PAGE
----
80% of what?

Jerry Coyne is talking about free will again, this time in reference to an article in Nature about neuroscience and results that cast doubt on it. And he’s quite impressed by an 80% success rate and claims that that demonstrates remarkable accuracy. The problem is that what it’s accurate about isn’t really a threat to free will:

With about 700 milliseconds to go, the researchers could predict the timing of that decision with more than 80% accuracy.[emphasis added]

Coyne takes this as predicting the actual decision, but it’s about when the decision will be made, not what the decision will actually be. Hayes’ work for the finger press was right about 60% of the time, which is hardly impressive. So there really isn’t any really impressive results to show that we don’t have free will. All we get is that brain activity is involved. But in these cases, it’s quite possible that brain activity is involved without removing the notion that the conscious decision-making process is just that activity. Presuming that any decision requires mental resources, similar decisions will use the same mental resources. Fried’s results could just express that. And for Hayes, it is quite possible that simple decisions can be made mostly subconsciously, and would have to be overridden. Thus he could get his rather small prediction rate simply by tracking these factors and missing the actual conscious overriding that it seems would frequently occur.

In short, the philosophers are right to be skeptical of the neuroscientists here because the neuroscientists have rather unimpressive results that don’t address the actual issues. After all, predicting the final decision before it is consciously made has little impact if the neurons are themselves going through the actual conscious decision-making process. That’s what we need to be free and not entirely determined. If that process results in a specific decision before it is consciously recognized that’s not a problem, because it is the decision-making process that matters. We would hope that at the end of our decision-making process there is only one decision actually made. Materialist views can easily incorporate brain decision-making whose result impacts other brain functions before updating consciousness, and dualist theories can even incorporate it as well. And so far we have nothing to contradict that at all, other than an ideological commitment to the idea that the physical is deterministic and if it is deterministic then there is no free will. Compatibilists quite reasonably challenge the latter and QM proves the former false.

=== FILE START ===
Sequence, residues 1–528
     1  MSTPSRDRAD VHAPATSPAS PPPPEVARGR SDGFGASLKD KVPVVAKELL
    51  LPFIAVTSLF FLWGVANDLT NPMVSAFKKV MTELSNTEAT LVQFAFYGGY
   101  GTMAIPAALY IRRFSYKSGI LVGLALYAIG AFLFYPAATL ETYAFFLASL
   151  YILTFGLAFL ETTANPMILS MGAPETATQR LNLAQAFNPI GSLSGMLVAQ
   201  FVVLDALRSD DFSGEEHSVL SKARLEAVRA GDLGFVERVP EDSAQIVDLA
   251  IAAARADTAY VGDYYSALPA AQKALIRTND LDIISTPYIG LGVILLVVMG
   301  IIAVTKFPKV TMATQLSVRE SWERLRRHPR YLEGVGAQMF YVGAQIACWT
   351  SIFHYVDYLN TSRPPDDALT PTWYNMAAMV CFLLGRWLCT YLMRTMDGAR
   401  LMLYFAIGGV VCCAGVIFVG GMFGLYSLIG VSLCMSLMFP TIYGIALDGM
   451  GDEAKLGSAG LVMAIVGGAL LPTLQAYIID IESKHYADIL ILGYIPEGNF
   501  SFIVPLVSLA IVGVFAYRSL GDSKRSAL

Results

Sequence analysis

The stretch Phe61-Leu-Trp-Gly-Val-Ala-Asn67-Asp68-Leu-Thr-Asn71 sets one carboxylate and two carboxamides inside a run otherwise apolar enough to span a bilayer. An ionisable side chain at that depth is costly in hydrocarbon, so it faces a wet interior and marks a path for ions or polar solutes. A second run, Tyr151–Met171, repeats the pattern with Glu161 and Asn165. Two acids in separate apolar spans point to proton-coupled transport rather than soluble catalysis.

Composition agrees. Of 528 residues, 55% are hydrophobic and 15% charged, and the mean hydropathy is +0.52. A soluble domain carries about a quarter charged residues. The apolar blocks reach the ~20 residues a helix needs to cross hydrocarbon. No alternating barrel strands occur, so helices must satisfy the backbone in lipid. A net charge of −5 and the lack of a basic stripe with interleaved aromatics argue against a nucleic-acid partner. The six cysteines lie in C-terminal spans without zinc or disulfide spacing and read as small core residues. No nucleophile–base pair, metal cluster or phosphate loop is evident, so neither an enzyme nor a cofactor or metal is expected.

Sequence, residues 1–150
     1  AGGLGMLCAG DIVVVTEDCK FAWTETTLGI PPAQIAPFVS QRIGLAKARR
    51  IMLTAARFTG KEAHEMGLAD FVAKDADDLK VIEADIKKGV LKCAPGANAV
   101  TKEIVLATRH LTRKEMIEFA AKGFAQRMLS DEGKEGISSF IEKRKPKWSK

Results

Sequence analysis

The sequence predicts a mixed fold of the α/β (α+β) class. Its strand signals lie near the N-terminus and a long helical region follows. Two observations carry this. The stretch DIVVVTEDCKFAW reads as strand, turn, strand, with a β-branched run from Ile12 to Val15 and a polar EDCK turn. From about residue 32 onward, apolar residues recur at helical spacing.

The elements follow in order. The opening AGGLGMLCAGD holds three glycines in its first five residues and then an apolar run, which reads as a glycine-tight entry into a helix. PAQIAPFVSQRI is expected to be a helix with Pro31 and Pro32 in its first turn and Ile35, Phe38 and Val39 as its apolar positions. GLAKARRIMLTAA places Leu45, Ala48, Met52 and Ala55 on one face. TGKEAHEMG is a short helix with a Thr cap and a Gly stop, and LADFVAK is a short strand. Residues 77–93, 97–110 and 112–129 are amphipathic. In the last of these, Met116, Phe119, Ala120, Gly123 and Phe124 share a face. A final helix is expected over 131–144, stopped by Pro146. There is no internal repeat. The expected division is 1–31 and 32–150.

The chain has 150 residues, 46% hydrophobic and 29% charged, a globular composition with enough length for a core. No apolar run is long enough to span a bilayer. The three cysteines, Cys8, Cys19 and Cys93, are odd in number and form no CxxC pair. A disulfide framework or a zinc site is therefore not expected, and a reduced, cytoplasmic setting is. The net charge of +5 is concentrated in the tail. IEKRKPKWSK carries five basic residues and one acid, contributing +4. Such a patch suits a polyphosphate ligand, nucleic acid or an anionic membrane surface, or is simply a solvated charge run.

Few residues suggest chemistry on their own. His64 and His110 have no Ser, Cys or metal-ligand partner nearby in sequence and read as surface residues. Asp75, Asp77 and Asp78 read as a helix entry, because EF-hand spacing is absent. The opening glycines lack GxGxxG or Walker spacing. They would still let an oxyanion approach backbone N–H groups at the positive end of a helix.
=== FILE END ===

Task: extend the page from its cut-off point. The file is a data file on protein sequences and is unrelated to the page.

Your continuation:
So, even if decision-making is all physical neural activations and as we follow the chain we can eventually predict the decision, that does not mean anything about free will. Think about it this way: If I’m deciding, say, between what I want for lunch, and I work through my decision-making process verbally, and as that progresses you can chop off potential decisions so that, say, 5 seconds before I give my answer you can say that I’ll choose the poutine because at that point in my discussions it always happens to lead to my choosing poutine, does that mean that my decision and even the remaining process is irrelevant since it is, at that point, determined? That does not seem to be the case.

Recall this: Kant declared that we had free will but argued that we could still predict anyone’s in the world of appearances, mostly — I believe, anyway — because we can appeal to the reasons and beliefs that the person expressed and holds and make a prediction from that information. Prediction in practice is not impressive; prediction in principle is what matters.

And I suppose that, in the end, that’s why neuroscience will inform but will never determine the answer to the free will problem; neuroscience gives practice, but not principle, and we need principle to settle the question.

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